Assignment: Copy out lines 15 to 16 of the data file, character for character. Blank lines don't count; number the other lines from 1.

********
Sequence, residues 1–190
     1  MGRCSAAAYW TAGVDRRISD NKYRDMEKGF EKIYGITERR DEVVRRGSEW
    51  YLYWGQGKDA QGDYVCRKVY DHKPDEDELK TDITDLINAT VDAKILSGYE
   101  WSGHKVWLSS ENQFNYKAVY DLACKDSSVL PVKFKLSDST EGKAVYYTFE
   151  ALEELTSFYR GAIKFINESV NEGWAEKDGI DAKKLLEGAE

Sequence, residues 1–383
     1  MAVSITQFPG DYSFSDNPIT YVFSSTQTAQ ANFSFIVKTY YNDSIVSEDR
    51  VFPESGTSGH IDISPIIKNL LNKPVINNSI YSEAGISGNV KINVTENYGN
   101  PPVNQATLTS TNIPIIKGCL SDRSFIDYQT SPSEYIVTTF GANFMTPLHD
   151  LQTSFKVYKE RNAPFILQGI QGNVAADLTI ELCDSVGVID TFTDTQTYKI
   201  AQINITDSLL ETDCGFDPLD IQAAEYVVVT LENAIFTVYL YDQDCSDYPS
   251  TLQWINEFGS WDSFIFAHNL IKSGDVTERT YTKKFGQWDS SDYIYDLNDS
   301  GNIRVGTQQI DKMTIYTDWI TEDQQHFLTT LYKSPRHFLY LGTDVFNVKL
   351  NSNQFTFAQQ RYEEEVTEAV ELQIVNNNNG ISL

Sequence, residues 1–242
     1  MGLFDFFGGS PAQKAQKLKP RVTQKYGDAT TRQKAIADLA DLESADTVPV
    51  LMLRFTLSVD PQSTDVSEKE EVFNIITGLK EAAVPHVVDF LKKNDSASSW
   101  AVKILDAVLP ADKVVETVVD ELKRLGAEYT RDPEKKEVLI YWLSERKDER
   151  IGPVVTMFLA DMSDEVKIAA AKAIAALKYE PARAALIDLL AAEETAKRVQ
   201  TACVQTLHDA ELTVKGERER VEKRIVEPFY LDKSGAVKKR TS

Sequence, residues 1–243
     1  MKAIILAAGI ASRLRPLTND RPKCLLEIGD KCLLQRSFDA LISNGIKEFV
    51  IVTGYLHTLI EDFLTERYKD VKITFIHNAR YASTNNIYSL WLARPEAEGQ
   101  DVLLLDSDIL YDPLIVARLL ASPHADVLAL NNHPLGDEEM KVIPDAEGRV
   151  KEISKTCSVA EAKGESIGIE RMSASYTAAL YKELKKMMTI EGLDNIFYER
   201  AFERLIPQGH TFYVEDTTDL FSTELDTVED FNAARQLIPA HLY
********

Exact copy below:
Sequence, residues 1–242
     1  MGLFDFFGGS PAQKAQKLKP RVTQKYGDAT TRQKAIADLA DLESADTVPV